Tuesday, May 29, 2012

Sharing our experimental data and EarthCube

Dear Sediment Experimentalists,

Hope all is going well in the laboratory. In this message we have information about
(1) sharing our research topics and data with each other with a Google Fusion Table
(2) EarthCube, one of NSF’s latest efforts on data and knowledge management.

(1) Sediment Experimentalists Fusion Table

We’ve been trying to think of quick ways to share information about our research with the rest of the community, whether it is in progress or already published. So, we are testing a new resource for data sharing among sedimentary researchers.  This is the “Sediment Experimentalists” Google Fusion Table, put together by Raleigh Martin.  It can be viewed here:

To access the table view:

To access the maps view:

Our long-term goal is to generate a robust, secure, and easy-to-use framework for data sharing among sedimentary researchers.  In the near term, we believe that the Google Fusion Table, which is free and (relatively) easy to use, can act as a testbed for data sharing.  In addition to being free, the Fusion Table provides nice visualization and sorting tools.

We encourage you to add information about your own research projects to the Fusion Table.  If you would like to do this, please send an email to sedimentexp@gmail.com with your Gmail address (if you don’t have one, you can create one for free).  More detailed instructions for using the Fusion Table are available here:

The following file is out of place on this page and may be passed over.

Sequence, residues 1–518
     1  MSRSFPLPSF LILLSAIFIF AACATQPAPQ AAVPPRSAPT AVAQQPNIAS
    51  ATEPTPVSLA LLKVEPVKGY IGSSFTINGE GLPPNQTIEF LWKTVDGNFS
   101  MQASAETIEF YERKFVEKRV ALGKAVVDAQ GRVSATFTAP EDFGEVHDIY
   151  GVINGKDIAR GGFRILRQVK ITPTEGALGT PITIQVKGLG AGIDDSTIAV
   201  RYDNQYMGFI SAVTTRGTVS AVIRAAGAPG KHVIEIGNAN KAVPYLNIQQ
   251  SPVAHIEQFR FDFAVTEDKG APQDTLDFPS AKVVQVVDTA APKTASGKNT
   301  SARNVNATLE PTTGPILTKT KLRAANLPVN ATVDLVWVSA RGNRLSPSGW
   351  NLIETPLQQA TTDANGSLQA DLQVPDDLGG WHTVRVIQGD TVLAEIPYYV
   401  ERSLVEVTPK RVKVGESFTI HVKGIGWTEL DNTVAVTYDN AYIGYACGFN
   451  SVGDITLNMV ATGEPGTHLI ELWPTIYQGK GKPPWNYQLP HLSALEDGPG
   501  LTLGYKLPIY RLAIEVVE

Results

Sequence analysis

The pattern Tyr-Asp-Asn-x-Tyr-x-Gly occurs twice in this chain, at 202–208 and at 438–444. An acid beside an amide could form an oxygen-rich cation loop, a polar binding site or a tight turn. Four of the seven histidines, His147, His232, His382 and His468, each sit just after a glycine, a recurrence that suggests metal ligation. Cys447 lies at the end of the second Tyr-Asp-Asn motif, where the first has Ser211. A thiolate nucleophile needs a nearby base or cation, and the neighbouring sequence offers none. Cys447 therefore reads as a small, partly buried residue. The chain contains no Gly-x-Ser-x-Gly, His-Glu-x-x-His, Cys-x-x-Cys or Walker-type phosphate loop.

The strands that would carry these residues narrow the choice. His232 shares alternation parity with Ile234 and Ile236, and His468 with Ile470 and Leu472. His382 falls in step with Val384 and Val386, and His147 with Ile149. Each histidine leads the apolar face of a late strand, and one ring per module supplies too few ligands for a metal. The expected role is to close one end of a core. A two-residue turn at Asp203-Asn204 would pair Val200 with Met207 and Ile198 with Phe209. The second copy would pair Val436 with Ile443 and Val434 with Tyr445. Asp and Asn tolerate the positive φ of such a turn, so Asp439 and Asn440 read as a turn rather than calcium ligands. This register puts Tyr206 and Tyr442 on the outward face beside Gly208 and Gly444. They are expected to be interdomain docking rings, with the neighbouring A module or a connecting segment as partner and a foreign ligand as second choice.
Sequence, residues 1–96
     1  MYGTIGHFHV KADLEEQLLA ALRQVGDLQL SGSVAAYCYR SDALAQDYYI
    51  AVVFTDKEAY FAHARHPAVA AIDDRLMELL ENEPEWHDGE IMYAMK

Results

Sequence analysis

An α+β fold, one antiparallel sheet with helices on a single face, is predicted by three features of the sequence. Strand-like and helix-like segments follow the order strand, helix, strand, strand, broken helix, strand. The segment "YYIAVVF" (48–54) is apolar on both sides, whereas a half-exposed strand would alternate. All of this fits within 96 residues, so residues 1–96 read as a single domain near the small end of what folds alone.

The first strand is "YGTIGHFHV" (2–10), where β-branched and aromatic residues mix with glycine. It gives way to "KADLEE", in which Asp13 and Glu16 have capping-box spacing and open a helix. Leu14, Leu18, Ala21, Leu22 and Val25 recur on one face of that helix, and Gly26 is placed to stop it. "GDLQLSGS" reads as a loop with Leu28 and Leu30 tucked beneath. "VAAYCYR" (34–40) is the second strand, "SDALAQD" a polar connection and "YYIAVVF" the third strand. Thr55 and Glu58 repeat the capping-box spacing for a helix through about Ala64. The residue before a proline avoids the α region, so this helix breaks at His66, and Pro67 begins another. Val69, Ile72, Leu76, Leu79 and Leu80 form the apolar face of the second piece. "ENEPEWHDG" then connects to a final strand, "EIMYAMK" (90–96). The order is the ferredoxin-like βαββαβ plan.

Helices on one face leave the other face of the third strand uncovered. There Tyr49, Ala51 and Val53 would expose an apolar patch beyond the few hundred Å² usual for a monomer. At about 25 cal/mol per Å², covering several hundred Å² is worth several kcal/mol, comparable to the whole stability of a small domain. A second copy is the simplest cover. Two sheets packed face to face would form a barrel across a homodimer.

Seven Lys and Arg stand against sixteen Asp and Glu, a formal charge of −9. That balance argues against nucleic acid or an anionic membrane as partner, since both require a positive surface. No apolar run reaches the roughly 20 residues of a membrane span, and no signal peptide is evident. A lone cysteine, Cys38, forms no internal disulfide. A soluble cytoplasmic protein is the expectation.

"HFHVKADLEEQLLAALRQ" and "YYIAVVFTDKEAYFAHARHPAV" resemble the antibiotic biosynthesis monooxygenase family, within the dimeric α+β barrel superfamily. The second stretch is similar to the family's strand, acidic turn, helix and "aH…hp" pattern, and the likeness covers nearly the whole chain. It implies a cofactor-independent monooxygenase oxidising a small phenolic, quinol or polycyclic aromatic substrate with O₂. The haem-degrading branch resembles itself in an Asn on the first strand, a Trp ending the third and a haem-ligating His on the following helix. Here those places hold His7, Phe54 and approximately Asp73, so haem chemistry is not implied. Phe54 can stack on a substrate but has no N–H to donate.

Please note that, while it is helpful, it is not necessary to directly share your data online.  Simply listing that the data is available (and providing contact information) is very useful.  Also, while this project is mainly aimed at experimentalists, we also encourage sharing of field data as well.

(2) What is EarthCube?

Many of us may have received multiple emails recently encouraging us to take a survey for EarthCube and participate in the discussions. One of the most common responses to these emails was probably “What is EarthCube?” Here are two attempts at answering that question:
(1) What is EarthCube? from the Sediment Experimentalists blog
(2) EarthCube’s official What is EarthCube? document
The short answer is “a knowledge and data management system,” but we also encourage you to follow the links to learn more. At this early stage in the system’s development, scientist feedback to the system architects is extremely important. If you are interested in this effort, please join the EarthCube site as a member and connect with us (Wonsuck Kim, Leslie Hsu, Brandon McElroy, and Raleigh Martin. We are participating in the events and will make sure that our community’s voice is heard at EarthCube.

Please reply to this email address (sedimentexp@gmail.com) with any comments, feedback, or questions.

Happy experimenting,

Leslie, Brandon, Raleigh, Wonsuck

Archived messages:

Wednesday, May 23, 2012

What is EarthCube?